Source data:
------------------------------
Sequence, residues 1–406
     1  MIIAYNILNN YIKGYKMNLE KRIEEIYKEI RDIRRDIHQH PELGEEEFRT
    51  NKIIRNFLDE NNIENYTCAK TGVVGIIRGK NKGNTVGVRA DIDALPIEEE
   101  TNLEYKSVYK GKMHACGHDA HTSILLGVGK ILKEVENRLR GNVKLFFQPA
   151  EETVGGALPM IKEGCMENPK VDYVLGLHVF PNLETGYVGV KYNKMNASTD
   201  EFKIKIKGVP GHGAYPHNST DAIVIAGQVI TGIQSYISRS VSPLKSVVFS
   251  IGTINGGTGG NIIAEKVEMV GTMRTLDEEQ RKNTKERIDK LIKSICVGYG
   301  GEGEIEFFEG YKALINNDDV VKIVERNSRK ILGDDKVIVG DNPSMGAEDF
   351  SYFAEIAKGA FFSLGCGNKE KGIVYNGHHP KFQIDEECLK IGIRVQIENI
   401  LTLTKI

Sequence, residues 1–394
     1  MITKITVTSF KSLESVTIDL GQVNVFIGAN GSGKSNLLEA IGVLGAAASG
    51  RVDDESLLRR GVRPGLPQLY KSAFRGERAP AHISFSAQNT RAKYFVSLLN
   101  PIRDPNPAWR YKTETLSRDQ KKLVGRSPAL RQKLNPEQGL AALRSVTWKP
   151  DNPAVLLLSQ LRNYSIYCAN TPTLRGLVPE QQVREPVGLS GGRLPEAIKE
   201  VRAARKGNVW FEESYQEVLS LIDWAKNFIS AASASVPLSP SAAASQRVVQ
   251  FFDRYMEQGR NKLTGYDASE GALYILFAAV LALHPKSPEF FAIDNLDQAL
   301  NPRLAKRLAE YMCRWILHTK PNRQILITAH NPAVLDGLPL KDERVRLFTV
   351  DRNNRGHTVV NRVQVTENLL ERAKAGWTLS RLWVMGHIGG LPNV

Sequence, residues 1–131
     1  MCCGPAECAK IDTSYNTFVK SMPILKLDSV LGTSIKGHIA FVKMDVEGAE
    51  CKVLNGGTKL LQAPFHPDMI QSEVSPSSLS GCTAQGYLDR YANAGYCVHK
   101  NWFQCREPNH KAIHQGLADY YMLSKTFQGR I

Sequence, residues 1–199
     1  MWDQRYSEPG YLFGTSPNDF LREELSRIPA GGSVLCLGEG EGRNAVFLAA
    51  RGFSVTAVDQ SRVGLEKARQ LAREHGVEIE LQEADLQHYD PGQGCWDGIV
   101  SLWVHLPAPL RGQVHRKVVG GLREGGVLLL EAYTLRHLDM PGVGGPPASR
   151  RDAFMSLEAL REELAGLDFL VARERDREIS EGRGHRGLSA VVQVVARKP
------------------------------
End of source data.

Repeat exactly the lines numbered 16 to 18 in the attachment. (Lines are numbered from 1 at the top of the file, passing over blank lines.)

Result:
   201  VRAARKGNVW FEESYQEVLS LIDWAKNFIS AASASVPLSP SAAASQRVVQ
   251  FFDRYMEQGR NKLTGYDASE GALYILFAAV LALHPKSPEF FAIDNLDQAL
   301  NPRLAKRLAE YMCRWILHTK PNRQILITAH NPAVLDGLPL KDERVRLFTV